Second Body Pulled From Lynwood Retention Pond Identified

The identity of a second body recovered from a retention pond in suburban Lynwood Tuesday has been released.

Leandre L. Scotts, 26, of Chicago, was identified as the man pulled from the pond two weeks after a car went off the road and plunged into the frigid waters, according to the Cook County Medical Examiner's office. The cause and manner of death were "pending further studies," the office said. 

Divers searched daily for the car's occupants after police were called to the 3000 block of Lincoln Highway around 12:30 p.m. on Dec. 18 following a 911 call reporting the crash

About two hours into the initial search, crews found the vehicle approximately 30 feet underwater, officials said, but were unable to retrieve it or locate the occupants.

Christopher Stone, 27, of the 18700 block of Stony Island Avenue in Chicago Heights, was found dead inside the vehicle on Dec. 19, the Cook County medical examiner’s office confirmed.

There were no barricades around the water at the time, police said, but they were installed shortly after the search went underway.

"A Sheriff's Police investigation led to the possibility of a second person was inside a vehicle that crashed into the pond on Dec. 18," the Cook County Sheriff’s Office said in a statement. "Recovery efforts have persisted since the car entered the water."

First responders were on the scene within minutes. Emergency crews spent several hours searching the pond for victims amid freezing temperatures and wind chill values that the National Weather Service warned could create conditions for frostbite or hypothermia to set in in just 30 minutes.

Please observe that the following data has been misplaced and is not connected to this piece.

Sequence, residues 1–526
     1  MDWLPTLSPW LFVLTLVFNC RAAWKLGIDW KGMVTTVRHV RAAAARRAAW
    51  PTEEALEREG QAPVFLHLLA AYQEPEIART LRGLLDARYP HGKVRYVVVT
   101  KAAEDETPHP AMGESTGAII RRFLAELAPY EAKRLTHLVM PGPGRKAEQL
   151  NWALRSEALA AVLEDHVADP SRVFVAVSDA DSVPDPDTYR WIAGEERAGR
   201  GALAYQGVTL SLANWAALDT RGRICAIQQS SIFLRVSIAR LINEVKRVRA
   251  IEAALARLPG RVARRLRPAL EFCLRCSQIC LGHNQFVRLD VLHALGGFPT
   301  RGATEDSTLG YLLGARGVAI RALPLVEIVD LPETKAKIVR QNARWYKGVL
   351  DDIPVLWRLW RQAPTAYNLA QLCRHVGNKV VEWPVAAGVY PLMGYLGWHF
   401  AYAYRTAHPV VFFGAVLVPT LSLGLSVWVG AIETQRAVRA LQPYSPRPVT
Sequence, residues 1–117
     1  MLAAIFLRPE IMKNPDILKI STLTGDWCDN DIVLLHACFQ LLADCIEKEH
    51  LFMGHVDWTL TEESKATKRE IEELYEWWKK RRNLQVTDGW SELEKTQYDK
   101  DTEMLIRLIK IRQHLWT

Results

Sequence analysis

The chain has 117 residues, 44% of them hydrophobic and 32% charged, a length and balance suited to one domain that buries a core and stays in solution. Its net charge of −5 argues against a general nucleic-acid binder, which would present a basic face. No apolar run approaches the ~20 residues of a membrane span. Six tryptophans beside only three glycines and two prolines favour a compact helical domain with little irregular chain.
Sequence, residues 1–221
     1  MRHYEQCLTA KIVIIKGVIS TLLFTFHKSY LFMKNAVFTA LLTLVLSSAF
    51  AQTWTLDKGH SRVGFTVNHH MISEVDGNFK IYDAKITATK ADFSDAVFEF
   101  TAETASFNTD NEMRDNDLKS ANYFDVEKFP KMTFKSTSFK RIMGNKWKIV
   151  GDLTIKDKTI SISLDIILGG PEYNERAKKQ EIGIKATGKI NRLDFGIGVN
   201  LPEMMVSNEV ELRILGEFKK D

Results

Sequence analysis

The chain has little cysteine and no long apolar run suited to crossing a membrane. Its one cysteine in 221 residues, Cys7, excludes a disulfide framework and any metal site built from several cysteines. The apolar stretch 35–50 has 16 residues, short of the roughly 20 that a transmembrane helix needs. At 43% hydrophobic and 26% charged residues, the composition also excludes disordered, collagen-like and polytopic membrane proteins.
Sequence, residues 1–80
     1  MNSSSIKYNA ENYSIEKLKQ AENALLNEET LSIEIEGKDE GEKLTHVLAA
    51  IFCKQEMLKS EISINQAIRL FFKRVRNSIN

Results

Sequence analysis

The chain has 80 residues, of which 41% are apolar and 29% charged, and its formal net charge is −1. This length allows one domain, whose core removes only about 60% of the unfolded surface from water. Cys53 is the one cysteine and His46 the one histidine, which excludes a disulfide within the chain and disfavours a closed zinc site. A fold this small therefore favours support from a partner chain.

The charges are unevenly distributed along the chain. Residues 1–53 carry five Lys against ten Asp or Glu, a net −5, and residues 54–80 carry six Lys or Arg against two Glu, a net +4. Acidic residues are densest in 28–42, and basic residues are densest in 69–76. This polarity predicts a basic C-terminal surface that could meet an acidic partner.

One police officer, who had jumped into the pond to try to make a rescue, had to be treated at an area hospital. Another diver also was taken to the hospital to be treated for exposure. 

It took search teams working in 13-minute shifts two hours to find the vehicle, which was about 60 to 70 feet from where it sunk in the water and buried in silt up to the windows, police said, leaving them unable to see the license plate. Authorities then declared it was a recovery mission. 

A passerby on the scene told NBC 5 two people were inside the car, but police were unable to confirm that at the time. 

As air temperatures fell well below zero and wind chills neared minus 30 degrees across the Chicago area, the recovery efforts were temporarily suspended as authorities said they didn’t want to risk any more lives. 

Why the car went into the water is still unclear.

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